Taming the Monsters

November 19, 2010 at 4:54 pm 2 comments

“In facing these monsters lurking inside us with the courage of a warrior, we find that they are not as horrible as we had thought.  As Rilke put it:

‘Perhaps the dragons in our lives are princesses who are only waiting to see us act, just once, with beauty and courage.  Perhaps everything terrible is, in its deepest essence, something that feels helpless and needs our love.’

Our monsters are only masks worn by those parts of us that feel powerless or unlovable.  They want, most of all, to be met and seen through.”

— John Welwood, Ph.D.
Journey of the Heart

In a previous post, I suggested that there is nowhere to run; nowhere to hide from the fear that resides deep within each of us.  So how, then, can we work with challenging states of mind that arise which may sabotage us, many of these manifestations of the deeper fear that resides beneath them, such as wanting what we don’t have; anger and hatred; laziness and lethargy; restlessness and anxiety; and doubt?

Most peoples’ first reaction to challenging states of mind is to distract themselves.  Keeping busy “doing” by working, shopping, watching TV, engaging on the computer, etc., is a common strategy, as is numbing oneself with substances or sleep.  Anything that keeps a person from having to actually “be” with their self and the truth of what they are experiencing during these difficult states.  Somehow we often believe if we don’t see and feel something, it doesn’t have an impact upon us.  Unfortunately, that is far from the reality – the difficulty is usually still there taking its toll. As the title of a book by Karol Truman points out, “Feelings buried alive never die.”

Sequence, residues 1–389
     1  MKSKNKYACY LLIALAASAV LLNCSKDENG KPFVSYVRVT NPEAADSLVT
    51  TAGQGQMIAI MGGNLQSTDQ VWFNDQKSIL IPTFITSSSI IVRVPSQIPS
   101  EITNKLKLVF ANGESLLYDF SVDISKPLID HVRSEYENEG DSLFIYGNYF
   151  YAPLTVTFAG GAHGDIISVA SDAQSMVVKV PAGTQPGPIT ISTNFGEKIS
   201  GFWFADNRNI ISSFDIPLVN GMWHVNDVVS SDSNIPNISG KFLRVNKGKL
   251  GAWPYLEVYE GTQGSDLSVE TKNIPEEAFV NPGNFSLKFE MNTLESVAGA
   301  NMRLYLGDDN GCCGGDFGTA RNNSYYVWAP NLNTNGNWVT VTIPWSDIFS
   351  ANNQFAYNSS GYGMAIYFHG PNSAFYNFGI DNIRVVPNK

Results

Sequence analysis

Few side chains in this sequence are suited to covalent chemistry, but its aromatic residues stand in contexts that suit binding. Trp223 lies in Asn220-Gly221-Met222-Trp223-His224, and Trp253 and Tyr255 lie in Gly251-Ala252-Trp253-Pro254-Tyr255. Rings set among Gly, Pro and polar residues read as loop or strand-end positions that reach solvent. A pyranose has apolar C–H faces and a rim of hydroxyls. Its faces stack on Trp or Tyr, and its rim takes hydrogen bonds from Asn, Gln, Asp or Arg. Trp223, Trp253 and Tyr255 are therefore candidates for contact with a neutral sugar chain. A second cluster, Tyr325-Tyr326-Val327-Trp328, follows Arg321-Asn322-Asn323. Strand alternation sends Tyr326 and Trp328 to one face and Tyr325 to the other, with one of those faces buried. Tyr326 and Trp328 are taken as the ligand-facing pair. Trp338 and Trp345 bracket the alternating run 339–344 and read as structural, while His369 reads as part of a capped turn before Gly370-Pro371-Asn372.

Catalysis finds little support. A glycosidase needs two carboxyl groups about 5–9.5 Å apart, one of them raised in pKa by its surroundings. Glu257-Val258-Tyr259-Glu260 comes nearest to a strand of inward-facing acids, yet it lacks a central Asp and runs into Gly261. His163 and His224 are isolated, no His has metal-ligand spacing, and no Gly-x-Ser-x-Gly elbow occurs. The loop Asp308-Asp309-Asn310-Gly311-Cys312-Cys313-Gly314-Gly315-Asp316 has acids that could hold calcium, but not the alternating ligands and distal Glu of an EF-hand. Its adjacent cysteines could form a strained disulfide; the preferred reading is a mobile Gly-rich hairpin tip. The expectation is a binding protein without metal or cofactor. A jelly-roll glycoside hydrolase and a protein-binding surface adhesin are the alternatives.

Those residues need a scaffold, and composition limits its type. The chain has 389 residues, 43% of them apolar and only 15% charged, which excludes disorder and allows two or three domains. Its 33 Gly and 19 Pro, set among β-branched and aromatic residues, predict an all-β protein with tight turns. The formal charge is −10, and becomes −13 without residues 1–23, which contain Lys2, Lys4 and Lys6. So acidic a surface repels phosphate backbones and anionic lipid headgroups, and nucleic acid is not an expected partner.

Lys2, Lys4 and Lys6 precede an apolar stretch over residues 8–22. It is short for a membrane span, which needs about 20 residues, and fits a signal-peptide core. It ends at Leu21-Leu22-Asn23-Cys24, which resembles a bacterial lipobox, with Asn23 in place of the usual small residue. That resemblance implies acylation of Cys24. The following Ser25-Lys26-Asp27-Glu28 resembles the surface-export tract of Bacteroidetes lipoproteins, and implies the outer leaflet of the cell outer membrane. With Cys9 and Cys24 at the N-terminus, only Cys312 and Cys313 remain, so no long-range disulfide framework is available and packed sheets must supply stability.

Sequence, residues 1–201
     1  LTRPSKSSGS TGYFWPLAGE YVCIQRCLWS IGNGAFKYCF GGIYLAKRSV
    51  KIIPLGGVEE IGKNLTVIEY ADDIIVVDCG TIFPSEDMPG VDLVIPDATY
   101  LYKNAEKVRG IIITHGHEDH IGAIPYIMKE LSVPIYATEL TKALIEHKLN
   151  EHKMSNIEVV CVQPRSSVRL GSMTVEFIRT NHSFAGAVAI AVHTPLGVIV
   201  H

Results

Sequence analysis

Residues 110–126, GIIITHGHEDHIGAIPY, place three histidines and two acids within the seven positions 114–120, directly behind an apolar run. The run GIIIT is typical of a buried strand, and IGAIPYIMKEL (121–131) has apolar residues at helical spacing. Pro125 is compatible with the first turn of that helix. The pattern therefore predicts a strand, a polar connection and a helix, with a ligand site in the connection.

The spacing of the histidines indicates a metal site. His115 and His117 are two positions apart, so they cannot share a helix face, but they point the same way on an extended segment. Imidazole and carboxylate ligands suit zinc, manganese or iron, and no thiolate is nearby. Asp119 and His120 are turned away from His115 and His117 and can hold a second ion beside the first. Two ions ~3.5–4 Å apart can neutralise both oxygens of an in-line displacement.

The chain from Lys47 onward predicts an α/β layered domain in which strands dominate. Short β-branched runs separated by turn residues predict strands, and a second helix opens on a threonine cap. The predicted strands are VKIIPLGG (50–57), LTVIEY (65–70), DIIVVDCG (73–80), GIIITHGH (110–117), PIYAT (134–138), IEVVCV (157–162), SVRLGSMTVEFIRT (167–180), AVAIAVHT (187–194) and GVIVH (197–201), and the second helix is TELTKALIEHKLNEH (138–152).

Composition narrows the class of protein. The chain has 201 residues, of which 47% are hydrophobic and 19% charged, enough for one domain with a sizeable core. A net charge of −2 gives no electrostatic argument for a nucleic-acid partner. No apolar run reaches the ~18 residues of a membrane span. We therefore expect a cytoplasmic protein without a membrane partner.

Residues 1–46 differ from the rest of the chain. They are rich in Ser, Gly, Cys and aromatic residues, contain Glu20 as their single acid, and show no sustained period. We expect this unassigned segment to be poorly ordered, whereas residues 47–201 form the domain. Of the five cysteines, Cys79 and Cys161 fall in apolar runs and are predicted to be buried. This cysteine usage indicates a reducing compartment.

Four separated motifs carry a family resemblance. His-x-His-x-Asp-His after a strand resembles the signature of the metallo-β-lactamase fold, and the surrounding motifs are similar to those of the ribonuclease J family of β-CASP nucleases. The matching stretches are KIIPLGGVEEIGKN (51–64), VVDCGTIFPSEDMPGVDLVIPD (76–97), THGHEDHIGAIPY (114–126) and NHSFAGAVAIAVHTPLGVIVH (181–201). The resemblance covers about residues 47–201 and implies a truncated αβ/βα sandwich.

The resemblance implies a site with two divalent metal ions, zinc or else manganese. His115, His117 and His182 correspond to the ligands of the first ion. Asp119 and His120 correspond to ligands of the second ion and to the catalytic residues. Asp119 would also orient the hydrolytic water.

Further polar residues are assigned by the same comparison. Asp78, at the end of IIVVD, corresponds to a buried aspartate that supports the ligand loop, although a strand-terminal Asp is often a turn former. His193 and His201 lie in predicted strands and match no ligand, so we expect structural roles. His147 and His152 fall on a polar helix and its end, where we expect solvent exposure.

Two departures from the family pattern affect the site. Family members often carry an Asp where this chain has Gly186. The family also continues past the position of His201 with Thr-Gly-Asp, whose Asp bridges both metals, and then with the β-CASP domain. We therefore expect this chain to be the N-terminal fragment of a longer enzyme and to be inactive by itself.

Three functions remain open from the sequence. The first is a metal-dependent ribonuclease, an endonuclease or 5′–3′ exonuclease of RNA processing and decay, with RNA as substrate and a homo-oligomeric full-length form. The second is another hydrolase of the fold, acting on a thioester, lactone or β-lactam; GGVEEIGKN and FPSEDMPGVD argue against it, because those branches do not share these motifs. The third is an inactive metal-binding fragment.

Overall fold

In actuality, the most skillful way to respond to these challenging states is to use them wisely and take the opportunity to learn from them.  Here are some suggestions for working with difficult states of mind when they arise1:

Observe to understand and develop a new releationship